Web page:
Q: Why do we do not hear more about protests coming from military families?

A: Frankly, their strategy is different. Unlike the college kids during the Vietnam War who wanted to mobilize the public, the military families want to mobilize the policymakers. They are going to their local congressman, for example, and demanding their loved ones get what they need.    

Q: Is it working? Are conditions improving for military personnel and their families?

A: I think the armed services are getting smarter in terms of what they need to be providing their men and women. They figured out, for example, that the Humvees without armor are highly vulnerable to IEDs, so we have a new generation of military vehicles being built and sent. But you don’t produce thousands of these overnight. The Army might have written the contract, but soldiers might not get what they need for over a year.

And at Walter Reed (Army Medical Center), they are trying to listen to the wounded veterans and their families and give them more of the support and services they need.  But this is hard.  There is a sense, for example, that patients at Walter Reed have stopped thinking of themselves as soldiers. A few weeks ago, morale was going down. One Army solution was to have everyone who was able appear in uniform at a formation. That might have been good for the Army, but for the wounded soldiers, that was a pain in the ass. Lately the Army has been trying to emphasize the “warrior” role, the warrior citizen, rather than the citizen-soldier.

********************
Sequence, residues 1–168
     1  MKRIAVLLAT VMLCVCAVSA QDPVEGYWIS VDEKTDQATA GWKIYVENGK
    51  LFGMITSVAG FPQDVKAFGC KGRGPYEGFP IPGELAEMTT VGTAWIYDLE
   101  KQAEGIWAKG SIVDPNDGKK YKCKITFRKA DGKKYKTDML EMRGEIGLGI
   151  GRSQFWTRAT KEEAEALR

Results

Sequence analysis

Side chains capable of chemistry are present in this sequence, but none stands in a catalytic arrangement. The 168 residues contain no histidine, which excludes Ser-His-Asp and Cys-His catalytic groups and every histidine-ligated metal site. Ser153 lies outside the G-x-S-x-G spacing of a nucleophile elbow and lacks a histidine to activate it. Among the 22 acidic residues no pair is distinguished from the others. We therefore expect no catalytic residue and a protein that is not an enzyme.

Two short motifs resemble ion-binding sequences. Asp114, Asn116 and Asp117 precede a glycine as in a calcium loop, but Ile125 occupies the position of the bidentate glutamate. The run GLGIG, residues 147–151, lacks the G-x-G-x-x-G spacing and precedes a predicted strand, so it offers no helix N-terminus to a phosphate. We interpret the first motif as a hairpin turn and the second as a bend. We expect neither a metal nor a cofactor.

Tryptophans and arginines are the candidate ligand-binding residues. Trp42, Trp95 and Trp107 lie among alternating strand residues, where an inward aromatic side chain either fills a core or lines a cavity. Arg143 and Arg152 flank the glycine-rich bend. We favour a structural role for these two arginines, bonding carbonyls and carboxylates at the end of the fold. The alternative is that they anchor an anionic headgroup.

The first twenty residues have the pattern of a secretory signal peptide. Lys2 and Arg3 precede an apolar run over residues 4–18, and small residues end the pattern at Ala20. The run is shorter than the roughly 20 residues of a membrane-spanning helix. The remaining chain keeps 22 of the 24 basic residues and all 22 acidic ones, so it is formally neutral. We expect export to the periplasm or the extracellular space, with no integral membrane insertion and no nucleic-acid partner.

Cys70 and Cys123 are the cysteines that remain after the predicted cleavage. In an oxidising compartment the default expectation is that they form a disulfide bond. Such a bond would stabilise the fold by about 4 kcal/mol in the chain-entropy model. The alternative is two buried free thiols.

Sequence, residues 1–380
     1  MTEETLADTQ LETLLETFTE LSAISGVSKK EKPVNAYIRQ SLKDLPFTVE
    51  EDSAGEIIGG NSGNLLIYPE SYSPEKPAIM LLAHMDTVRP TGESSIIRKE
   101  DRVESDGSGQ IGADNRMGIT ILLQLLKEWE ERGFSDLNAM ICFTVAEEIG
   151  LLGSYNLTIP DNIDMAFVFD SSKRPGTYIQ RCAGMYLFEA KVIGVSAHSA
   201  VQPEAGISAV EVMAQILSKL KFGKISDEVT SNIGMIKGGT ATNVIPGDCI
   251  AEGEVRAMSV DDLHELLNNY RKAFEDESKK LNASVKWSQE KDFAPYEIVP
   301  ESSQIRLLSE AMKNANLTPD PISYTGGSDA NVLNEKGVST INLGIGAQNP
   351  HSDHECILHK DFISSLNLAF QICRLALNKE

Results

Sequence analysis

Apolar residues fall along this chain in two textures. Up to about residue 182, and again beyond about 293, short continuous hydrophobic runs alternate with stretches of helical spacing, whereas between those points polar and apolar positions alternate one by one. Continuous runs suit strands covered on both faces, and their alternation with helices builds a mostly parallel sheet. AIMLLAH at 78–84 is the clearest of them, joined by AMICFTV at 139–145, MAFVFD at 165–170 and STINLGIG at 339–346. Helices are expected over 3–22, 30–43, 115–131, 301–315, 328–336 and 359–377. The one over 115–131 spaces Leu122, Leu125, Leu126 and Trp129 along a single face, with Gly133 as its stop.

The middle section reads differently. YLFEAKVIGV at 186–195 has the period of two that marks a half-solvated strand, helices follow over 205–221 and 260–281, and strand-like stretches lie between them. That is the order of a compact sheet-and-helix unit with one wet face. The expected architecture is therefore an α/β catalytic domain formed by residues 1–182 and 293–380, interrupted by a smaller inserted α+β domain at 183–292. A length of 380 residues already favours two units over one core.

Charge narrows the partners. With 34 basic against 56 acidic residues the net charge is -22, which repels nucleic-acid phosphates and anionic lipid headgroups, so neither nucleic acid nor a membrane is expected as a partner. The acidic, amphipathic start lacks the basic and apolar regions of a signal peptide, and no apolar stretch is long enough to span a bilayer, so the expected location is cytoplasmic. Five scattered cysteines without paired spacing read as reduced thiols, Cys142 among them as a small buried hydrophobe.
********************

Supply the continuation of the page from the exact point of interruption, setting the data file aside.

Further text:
Q: Don’t you think this is a good idea?

A: Many senior military personnel do not like the word “warrior.” Warrior does not imply discipline. There is something sort of primitive about the word. It has always been honorable to be a soldierand to put others before self, regardless of whether it is a military mission or not.   

Q: Are there any lessons the American public has learned from this war?    

A: I kind of suspect it will be a long time before anyone says preemptive war again.